By the time a marriage deteriorates to the point of divorce, both spouses usually have accumulated a lot of baggage – and property. From furniture to vehicles to pensions to the martial home, all of the assets that were acquired during the course of a marriage must be allocated between the spouses as part of a Georgia divorce. Ideally, the parties and their divorce attorneys reach a negotiated resolution as to the division of property and assets between them. When that doesn’t happen, however, a judge or jury will get involved and do the job instead. They’ll do so by applying the principle of “equitable distribution.”
As a preliminary matter, it is important to note the distinction between “equitable” and “equal.” If property were divided “equally” in a Georgia divorce, it would be a fairly simple exercise; split the assets 50/50 and everybody is on their way. But distributing property “equitably” can be significantly more complicated and contentious and involves numerous factors that a judge will weigh when deciding who gets what. What is fair for one is not fair for all.
Marital Property v. Separate Property
The first step in the process is determining what assets are “marital property” and what assets are “separate property.” Equitable distribution only applies to property acquired during the marriage, with a few exceptions. Property each spouse brought into the marriage is considered separate property. Also, where one spouse obtained property by gift or inheritance during the marriage in his or her sole name is “separate property.” Although there are exceptions, separate property will not be reallocated, divided, or distributed to the other spouse. Such exceptions, however, include: sweat equity (the labor forces of one spouse improving the equity of another spouse); gifting the separate property to the other spouse (i.e. depositing an inheritance into a joint bank account); or converting once separate property into joint priority (i.e. using inheritance to improve a marital residence that is titled jointly).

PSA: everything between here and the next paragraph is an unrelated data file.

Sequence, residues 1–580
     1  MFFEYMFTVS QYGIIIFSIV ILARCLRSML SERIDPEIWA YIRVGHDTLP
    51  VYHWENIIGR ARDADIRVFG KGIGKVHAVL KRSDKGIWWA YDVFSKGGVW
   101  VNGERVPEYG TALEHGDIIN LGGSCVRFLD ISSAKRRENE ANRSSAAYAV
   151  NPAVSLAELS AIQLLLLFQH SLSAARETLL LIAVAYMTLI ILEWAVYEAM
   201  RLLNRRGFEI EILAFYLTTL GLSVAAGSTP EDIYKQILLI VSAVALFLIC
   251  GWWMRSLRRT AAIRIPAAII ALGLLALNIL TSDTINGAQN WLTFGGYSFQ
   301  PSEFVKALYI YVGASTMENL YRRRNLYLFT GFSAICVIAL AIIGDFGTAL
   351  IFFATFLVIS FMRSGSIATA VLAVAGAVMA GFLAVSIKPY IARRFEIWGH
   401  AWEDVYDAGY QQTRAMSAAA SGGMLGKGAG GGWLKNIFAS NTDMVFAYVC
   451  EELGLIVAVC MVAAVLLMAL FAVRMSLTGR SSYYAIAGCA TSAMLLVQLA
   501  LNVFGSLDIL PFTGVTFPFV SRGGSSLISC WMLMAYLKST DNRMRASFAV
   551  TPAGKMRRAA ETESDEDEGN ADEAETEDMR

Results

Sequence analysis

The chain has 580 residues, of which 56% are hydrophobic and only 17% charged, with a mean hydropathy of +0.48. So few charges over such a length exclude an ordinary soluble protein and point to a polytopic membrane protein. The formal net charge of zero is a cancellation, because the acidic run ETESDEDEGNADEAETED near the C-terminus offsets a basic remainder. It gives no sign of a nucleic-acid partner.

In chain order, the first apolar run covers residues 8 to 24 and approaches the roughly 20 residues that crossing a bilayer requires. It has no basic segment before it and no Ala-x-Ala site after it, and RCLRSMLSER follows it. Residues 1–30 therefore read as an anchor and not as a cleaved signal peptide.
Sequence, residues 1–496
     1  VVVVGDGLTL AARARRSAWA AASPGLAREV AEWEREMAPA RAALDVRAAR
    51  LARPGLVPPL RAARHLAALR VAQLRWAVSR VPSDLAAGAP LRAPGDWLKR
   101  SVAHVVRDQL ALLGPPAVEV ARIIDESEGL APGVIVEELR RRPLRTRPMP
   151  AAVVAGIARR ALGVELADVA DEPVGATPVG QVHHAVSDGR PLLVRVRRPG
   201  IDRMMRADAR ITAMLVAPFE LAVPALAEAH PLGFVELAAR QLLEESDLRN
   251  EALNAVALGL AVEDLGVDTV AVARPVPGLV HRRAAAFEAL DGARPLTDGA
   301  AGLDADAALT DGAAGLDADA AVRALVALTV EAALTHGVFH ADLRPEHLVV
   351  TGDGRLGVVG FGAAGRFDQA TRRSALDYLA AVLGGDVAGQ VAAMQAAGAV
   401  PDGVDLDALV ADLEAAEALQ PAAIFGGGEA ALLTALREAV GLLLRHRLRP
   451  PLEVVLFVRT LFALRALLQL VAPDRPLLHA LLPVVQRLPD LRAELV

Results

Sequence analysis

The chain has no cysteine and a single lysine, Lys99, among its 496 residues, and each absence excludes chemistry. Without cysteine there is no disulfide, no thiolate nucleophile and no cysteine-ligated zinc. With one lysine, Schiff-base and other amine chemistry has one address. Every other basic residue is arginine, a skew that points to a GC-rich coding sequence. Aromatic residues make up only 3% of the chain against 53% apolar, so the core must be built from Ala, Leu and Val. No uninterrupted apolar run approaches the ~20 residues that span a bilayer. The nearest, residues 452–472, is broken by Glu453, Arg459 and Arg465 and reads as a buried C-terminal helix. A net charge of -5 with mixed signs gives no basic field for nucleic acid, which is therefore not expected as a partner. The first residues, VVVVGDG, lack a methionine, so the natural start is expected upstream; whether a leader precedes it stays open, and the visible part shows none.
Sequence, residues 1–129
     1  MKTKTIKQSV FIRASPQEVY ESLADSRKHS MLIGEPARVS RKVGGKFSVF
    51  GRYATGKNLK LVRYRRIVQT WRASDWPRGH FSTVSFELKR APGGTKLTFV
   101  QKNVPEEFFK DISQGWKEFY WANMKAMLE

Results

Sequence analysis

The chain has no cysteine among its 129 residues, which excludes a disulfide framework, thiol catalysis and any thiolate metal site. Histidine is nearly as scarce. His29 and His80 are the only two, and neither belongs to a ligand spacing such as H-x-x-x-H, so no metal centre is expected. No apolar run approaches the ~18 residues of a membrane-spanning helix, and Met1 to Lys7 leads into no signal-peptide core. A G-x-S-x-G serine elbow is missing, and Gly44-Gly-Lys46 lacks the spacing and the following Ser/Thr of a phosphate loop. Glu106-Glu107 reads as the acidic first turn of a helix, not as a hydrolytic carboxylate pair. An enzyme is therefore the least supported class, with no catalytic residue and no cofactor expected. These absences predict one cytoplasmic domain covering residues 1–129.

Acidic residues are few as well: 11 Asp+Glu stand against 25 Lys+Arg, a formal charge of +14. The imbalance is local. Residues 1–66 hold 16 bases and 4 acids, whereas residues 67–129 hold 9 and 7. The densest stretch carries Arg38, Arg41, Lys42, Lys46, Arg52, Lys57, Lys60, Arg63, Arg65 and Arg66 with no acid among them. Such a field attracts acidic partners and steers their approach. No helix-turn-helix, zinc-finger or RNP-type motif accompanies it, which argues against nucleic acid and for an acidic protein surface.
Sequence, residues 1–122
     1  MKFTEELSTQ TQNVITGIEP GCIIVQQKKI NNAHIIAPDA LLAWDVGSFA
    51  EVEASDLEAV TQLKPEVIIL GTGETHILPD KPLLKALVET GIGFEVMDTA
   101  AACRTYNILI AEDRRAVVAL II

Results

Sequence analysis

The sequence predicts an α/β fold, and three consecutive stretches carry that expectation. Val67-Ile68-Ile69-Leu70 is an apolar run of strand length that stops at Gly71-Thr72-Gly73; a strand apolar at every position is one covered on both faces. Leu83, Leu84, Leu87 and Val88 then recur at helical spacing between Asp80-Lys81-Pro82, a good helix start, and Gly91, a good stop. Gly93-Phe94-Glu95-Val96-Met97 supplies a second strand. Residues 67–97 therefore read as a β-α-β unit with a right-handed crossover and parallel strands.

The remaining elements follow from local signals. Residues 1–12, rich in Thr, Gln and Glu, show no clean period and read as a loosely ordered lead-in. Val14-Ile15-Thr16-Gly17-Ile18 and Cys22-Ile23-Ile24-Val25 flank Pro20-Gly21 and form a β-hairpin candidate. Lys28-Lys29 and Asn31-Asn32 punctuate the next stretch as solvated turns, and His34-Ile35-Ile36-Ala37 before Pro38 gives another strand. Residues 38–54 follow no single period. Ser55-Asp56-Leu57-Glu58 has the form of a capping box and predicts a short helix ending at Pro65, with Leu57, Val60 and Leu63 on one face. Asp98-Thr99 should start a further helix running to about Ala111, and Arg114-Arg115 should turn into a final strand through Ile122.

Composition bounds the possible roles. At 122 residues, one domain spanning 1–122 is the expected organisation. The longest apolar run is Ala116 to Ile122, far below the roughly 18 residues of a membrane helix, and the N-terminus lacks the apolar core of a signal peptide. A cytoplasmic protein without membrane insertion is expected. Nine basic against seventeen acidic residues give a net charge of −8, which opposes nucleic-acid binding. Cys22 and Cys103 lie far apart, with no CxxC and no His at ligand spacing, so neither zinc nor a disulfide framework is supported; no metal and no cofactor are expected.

Factors Considered in Equitable Distribution
In the absence of an agreement between the spouses, a Georgia judge will evaluate numerous factors set forth in Georgia law when deciding how to allocate assets and property between the spouses. For example, if both parties have similar incomes and a similarly separate estate, the Courts almost always divide the marital estate 50/50. However, in a situation where one party earns substantially less than the other, the Courts often shift a large piece of the marital pie to the lesser earning spouse. The Courts are often persuaded to divide an estate 75/25 because of the ability of the higher earning spouse to replenish his or her estate post divorce. Also, if one of the spouses has a large inheritance that is separate property, the Court will consider the same when dividing the estate. Lastly, the Court looks at “bad behavior” when considering what is fair. Examples of bad behaviors are: adultery, gambling, domestic violence and such.
What About the House?
For many couples, the marital home is is the largest asset and it is emotionally resonant. Usually it is a symbol for the life they hoped to build and a start to the new family. While every case is different, how a marital home will ultimately be treated depends on each couple’s unique circumstances. Typically a judge will attempt to determine the amount of equity in the property and divide that amount between the parties. If the home is to be retained by one of the spouses, adjustments and buyouts can become part of the equation. Be aware of refinancing home. Often times fathers want to allow the mother to stay in the home and raise the children, but people are unaware how difficult it is for a lower income person to refinance a home into his or her name.
Call the Alpharetta Divorce Lawyers at North Metro Litigators Today
As with all aspects of divorce, the division of property can be complex and raise intense emotions. Understanding how the process works and knowing your rights is crucial, as is retaining experienced and insightful counsel who can help guide you through these difficult issues. The Alpharetta divorce lawyers at North Metro Litigators provide effective and compassionate divorce representation at a reasonable cost. Call us today at (678) 944-0000 or contact us to arrange for your free initial consultation.